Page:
Many people mistakenly believe that Syria is defending Al-Aqsa, even though
on the Israel/Syria border, nobody ever tried to attack Israel. This is
Israelís most stable border, protected by Assad. Iraq is under the influence
of Iran. Iran doesnít want Syria to be Sunni.
At this point, there are hundreds of fighting groups, said Ahmed, who says he
truly believes that ISIS was started by foreign agents but lost control
''just like the Taliban.'' The majority of the leaders of ISIS are
high-ranking Iraqi ex-army officials, who used to work for Saddam Hussein.
The Iraqi army was the 4th largest army in the world. They are now working
with foreign intelligence and serving in ISIS and getting income from foreign
countries, plus plunder.
Ahmed said that the majority Syrian population does not want a conservative
Islamic state. They are Islamic liberals. They like to have fun. They have no
interest in fundamentalism or ''radical Islam.'' Western injustice and
aggression leads to IS politics, he said.
I asked, ''When there is no government and everything is destroyed, wouldnít
it be natural for the town to meet at the mosque, and if there is no law, it
would be easiest to use Islamic law?''
''People will go back to their natural religion when there is no
infrastructure other than the madrasa,'' stated Ahmed, who has spent
significant time in Afghanistan. However, he did not feel that Syria was
anything like Afghanistan.
In the 1970ís, Wahhabis from Saudi Arabia came to indoctrinate Syrians but
people argued against them. Nevertheless, like Bosnia, Syrians will welcome
those who help to control Syria and establish order and peace.
Ahmed said the west is pushing Syria to the point where they will say,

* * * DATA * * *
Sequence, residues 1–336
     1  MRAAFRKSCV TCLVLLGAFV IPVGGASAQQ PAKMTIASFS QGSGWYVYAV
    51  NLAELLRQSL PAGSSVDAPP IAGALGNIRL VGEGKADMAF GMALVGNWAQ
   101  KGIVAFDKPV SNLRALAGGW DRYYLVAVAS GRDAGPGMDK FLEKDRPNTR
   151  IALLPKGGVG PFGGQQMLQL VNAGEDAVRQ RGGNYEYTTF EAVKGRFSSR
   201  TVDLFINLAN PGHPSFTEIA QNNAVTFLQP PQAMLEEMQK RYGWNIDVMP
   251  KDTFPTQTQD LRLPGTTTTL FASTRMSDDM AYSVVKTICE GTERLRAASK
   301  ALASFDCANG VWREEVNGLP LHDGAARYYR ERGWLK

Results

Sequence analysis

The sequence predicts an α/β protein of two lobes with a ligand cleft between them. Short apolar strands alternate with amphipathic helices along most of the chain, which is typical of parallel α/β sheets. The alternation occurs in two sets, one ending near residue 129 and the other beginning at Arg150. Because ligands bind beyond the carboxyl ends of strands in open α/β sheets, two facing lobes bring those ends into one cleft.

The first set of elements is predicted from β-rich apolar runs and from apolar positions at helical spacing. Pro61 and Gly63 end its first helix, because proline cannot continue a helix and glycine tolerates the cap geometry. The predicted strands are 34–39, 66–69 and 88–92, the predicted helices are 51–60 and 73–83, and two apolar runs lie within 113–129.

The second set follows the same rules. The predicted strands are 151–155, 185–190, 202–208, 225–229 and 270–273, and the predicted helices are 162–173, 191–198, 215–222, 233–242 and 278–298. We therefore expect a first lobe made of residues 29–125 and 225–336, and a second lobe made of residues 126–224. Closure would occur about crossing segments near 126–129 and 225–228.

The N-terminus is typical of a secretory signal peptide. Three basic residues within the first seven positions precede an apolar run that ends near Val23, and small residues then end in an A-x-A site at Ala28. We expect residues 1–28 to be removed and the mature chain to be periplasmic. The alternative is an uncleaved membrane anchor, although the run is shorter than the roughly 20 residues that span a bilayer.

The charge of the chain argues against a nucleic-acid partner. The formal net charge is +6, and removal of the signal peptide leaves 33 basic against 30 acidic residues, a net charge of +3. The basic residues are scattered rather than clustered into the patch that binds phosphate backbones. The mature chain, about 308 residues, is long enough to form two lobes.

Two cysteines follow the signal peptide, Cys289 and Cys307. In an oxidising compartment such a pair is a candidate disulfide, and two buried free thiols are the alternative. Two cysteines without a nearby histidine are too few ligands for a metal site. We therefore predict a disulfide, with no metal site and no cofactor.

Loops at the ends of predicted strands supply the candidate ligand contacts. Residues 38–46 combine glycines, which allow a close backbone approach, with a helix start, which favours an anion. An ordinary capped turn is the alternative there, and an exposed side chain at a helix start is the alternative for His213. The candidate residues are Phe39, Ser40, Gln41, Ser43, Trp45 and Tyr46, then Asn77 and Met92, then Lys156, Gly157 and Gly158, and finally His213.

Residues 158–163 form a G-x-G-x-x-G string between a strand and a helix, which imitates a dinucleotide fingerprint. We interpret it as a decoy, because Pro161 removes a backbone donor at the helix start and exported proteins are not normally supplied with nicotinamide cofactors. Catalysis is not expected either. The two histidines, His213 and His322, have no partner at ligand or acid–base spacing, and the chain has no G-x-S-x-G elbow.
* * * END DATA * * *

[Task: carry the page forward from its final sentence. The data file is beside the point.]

''Please bring anyone, even another Alawite, to get rid of Assad'' to
stabilize the region. No matter what, it will take 25-50 years to rebuild the
country to what it was.
Regarding the Free Syrian Army, he said there are three kinds: those who gave
up and left the country, those who will fight for whoever pays more, and
those who are controlled by third parties. He had a higher opinion of al-Nusra,
whom he said number in the thousands, not hundreds. The majority of al-Nusra
are Syrians not foreign fighters. They have the best fighters. They have good
individual support but also have influence with high rank people. Both Saudi
Arabia and Jordan try to send their infiltrators to get high ranks to try and
get influence or reward.
The ''sincere fighters'' donít belong to any big party or private agenda. The
majority of Syrian fighters belong to loose small groups. Around Homs and
Damascus, in the revolution areas, there could be 15-20 small groups of 100,
200 or 300 militia men for every local area. Some groups make Islamic council
and unify with groups like al-Nusra or Ahrar al Sham.
I mentioned the news that Iranian General Mohammad Ali Allahdadi was killed
in an Israeli airstrike in Syria along with six Hizbollah fighters in the
Golan Heights. Ahmed said that on that same day, the Syrian opposition shot
down a small plane that was filled with high ranking Iranian, Jordanian and
Hizbollah officials. He theorized that the media gave Israel credit for the
killing in order to downplay the powerful news of the Syrian resistance.
Regarding foreign funding, he mentioned a few weeks back there was a local
militia named Hazen that took money from America but then gave it to al-Nusra.